SACRAMENTO, Calif. (June 2, 2023) – Yesterday, the California Assembly passed a bill that would ban geofence location tracking and reverse keyword search orders. The enactment of the legislation would not only protect privacy in California; it would also hinder the growth of the federal surveillance state.
Assm. Mia Bonta and three cosponsors introduced Assembly Bill 793 (AB793) in February. The legislation “would prohibit any government entity from seeking, or any court from enforcing, assisting, or supporting, a reverse-keyword or reverse-location demand … issued by a government entity or court in this state or any other state.” The bill would also prohibit a person or California entity from complying with a reverse keyword or reverse location demand. Any information gathered in violation of the law would be inadmissible in court.
On June 1, the Assembly passed AB793 by a 54-15 vote.
Reverse-location court orders and reverse keyword court orders enable police to obtain location data or technology search data without identifying any specific person for whom there is probable cause to believe they have committed or will imminently commit a crime. For instance, a reverse keyword search would allow police to pinpoint every individual you did a Google search for a specific keyword such as “assault rifle.”
In effect, the passage of AB793 would also prohibit a process called “geofencing.” This technique allows police to search broad geographical areas and identify every electronic device in the area. They can then take that data and determine the identity of individuals near a given place at a given time. In practice, police use Google location data to engage in massive fishing expeditions and subject hundreds, if not thousands, of innocent people to police location tracking. According to the New York Times, federal agents first utilized the practice in 2016. According to the report, broadly construed geofencing warrants help police pinpoint possible suspects and witnesses in the absence of other clues. Google employees said the company often responds to a single warrant with location information on dozens or hundreds of devices.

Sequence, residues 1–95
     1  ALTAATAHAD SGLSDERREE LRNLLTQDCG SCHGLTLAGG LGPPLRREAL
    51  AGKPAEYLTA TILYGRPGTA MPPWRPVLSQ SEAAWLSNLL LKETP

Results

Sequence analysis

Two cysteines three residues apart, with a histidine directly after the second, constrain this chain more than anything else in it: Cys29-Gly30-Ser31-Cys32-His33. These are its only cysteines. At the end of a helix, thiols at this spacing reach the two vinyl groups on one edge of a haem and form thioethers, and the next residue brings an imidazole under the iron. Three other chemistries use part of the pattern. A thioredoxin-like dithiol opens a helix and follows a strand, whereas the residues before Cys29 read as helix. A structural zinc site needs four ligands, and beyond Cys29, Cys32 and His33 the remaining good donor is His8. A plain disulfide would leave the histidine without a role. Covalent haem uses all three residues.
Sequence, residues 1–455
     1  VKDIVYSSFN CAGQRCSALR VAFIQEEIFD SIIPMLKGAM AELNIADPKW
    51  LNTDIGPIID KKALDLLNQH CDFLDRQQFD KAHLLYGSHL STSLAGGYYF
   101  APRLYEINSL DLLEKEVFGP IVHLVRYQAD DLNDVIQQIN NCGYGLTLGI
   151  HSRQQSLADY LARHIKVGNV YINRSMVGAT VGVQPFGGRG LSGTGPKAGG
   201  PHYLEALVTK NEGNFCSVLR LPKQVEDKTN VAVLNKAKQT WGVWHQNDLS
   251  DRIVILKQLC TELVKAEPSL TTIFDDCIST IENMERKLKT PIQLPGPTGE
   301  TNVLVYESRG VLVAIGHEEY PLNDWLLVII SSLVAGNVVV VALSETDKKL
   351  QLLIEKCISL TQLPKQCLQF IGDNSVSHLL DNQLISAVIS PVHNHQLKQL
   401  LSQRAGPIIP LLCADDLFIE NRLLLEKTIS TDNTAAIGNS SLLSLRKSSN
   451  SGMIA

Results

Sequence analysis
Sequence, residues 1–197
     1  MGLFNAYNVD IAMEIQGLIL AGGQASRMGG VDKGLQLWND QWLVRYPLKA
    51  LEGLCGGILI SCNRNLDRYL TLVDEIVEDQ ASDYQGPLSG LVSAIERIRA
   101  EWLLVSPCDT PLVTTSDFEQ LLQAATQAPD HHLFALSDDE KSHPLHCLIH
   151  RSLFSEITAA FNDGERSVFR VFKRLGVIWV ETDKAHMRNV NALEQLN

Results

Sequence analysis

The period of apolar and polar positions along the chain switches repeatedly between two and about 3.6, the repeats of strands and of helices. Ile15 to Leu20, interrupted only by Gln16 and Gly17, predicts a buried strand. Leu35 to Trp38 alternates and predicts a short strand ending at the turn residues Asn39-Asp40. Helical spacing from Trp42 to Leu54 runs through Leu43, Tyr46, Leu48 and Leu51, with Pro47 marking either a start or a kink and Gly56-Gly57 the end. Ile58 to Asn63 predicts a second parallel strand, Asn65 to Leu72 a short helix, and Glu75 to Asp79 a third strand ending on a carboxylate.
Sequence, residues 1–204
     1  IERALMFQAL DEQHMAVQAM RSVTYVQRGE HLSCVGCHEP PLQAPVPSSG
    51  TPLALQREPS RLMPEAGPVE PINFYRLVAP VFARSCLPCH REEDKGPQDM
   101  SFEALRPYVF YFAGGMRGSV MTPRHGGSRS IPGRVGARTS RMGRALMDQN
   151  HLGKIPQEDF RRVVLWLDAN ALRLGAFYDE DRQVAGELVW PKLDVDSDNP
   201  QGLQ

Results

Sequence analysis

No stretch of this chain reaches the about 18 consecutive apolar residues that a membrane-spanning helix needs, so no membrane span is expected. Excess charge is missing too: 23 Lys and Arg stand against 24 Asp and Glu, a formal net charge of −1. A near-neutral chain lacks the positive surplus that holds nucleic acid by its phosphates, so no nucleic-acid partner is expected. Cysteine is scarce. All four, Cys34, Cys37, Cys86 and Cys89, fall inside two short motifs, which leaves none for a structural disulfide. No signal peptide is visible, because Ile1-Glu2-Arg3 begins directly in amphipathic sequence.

IMPACT ON FEDERAL SURVEILLANCE PROGRAMS
The feds can share and tap into vast amounts of information gathered at the state and local level through fusion centers and a system known as the “information sharing environment” or ISE. In other words, stingrays create the potential for the federal government to track the movement of millions of Americans with no warrant, no probable cause, and without the people even knowing it.
Fusion centers were sold as a tool to combat terrorism, but that is not how they are being used. The ACLU pointed to a bipartisan congressional report to demonstrate the true nature of government fusion centers: “They haven’t contributed anything meaningful to counterterrorism efforts. Instead, they have largely served as police surveillance and information sharing nodes for law enforcement efforts targeting the frequent subjects of police attention: Black and brown people, immigrants, dissidents, and the poor.”
Fusion centers operate within the broader ISE. According to its website, the ISE “provides analysts, operators, and investigators with information needed to enhance national security. These analysts, operators, and investigators…have mission needs to collaborate and share information with each other and with private sector partners and our foreign allies.” In other words, ISE serves as a conduit for the sharing of information gathered without a warrant. Known ISE partners include the Office of Director of National Intelligence which oversees 17 federal agencies and organizations, including the NSA. ISE utilizes these partnerships to collect and share data on the millions of unwitting people they track.
Limiting information collected by state and local law enforcement agencies limits the amount of information that can flow into federal databases through fusion centers and the ISE.
AB793 will now move to the Senate for further consideration. Once it receives a committee assignment, it must get a hearing and pass by a majority vote before moving forward in the legislative process.
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